After his marriage Mr. Carroll settled on the old homestead, on which he still lives. He is yet a great sufferer from the wounds he received in the army. At the battle of New Hope Church he was shot in the left side, the ball being stopped by a silver half dollar he had in his pocket.  On July 4, 1864, on Chattahoochee river, a ball struck the U. S. plate on his shoulder strap and slightly wounded him.

Mr. and Mrs. Carroll are members of the Christian church at Chambersburg.  Politically Mr. Carroll is a republican.  Mrs. Carroll is secretary of the woman's relief corps of Milton Weaver post.


CHARLES CROOK, [pages 922-923] a member of one of the most distinguished families of the Buckeye state, and a prominent citizen of Wayne township, Montgomery county, was born October 17, 1830, on the parental homestead, and is of Scotch-German origin.

Thomas Crook, his father, was born in Baltimore county, Md., in November, 1788, and was the third of the name in the family by direct descent in America, his ancestors having come from Scotland to the colonies at a date too remote for remembrance.  He was a tanner by trade, and served in the war of 1812. He married, February 4, 1812, Elizabeth Mathews, a native of Maryland and a daughter of John and Catharine Mathews, who were the parents of three children—Elizabeth, John and Elias—all of whom became residents of Montgomery county, Ohio.   After residing two years in Maryland, where their first child, Elizabeth, was born February 18, 1813, Thomas Crook, in 1814, brought his wife and child to Ohio and settled on the east bank of the Miami river in what is now Wayne township, Montgomery county, the tract being entirely in the woods.  Here, in due course of time, he built a two-story log house, which is still standing, cleared a fine farm, and here all his children, except the eldest, were born and reared—the sons, as they grew in strength, assisting in the development of the original homestead. These children were born in the following order:  Maria, Catherine, Oliver, John, Thomas, Jr., Walter, James, George and Charles. The father of this family was a good manager, practical, industrious and well-informed.  He accumulated 340 acres of excellent land, the most of which he improved, although he suffered from the inconvenience of having broken his right thigh-bone by an accident; he was a justice of the peace for many years, and was otherwise prominent in the affairs of his township.  In politics he was first a whig and afterward a republican, and retained his mental faculties until the end, having read the daily paper the day prior to his death, which took place January 11, 1875, at the age of eighty-six years, six months and twelve days. Thomas Crook's name will go down to posterity as the father of several children who have shed a luster upon Wayne township through the prominence they received in civil and military life, and of his sons special but brief mention may be made as follows:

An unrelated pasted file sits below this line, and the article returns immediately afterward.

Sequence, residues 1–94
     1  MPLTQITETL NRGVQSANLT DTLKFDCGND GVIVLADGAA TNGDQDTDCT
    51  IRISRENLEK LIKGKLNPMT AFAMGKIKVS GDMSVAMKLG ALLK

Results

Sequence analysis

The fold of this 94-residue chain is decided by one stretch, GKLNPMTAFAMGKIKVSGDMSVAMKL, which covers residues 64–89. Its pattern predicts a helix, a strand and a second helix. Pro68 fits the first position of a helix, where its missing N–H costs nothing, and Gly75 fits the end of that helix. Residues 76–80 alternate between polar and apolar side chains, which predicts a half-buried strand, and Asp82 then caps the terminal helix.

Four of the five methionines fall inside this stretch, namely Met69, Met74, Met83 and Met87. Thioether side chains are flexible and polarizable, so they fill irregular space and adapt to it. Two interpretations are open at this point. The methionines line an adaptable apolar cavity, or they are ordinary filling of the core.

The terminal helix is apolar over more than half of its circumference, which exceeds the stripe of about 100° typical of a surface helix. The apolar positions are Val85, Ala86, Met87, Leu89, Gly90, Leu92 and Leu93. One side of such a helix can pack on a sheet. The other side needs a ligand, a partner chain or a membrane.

Dr. Oliver Crook reached eminence as one of the most skillful and successful physicians of Dayton.  He married, in 1848, Sarah Traple, of Brooklyn, N., Y., to which union were born Lida, Maria, Eveline, Oliver, and George. The doctor died May 28, 1873, aged fifty-four years, six months and fourteen days.

Dr. Thomas Crook, a well-known practitioner in Montgomery county, Ohio, and in Indiana, married Lucy A. Worst, became the father of three children—Oliver, Maria Annie and Goldie, and died December 20, 1881, aged fifty-nine years, three months and one day.

Dr. James Crook practiced medicine for some years in Dayton, in partnership with his brother, Dr. Oliver, made a fine reputation, and died unmarried in 1856, at the age of twenty-nine years, two months and twenty-three days.

Gen. George Crook, who so distinguished himself during the Civil war and also made his name great as an Indian fighter, was appointed to West Point by Hon. Robert C. Schenck, and graduated July l, 1852.  He married Miss Mary Daily, of Virginia, and died in Chicago, Ill., March 22, 1890. His military record, a matter of history, is familiar to the people of the county of Montgomery as well as to the entire country, and need not be repeated here.

Capt. Walter Crook, yet living, raised a company of volunteers at the commencement of the Civil war, served in the Seventy-fourth Ohio infantry, and was a gallant soldier.  He married Miss Martha J. Bates.  He has served as treasurer of his township and one term as state senator.

Of the other children born to Thomas Crook, John, a tailor by trade, died unmarried; Catherine was married to Thomas Ater, and died May 6, 1891; Maria was married to Samuel Sullivan, November 4, 1832, bore eight children—Thomas, Martha. Elizabeth, James, John, Theodore, Oliver and George—and died May 11, 1884; Elizabeth was married January 10, 1839, to Dr. Adam Koogler, bore three children—William, Mary A. and Ellen J.— and died February 9, 1844.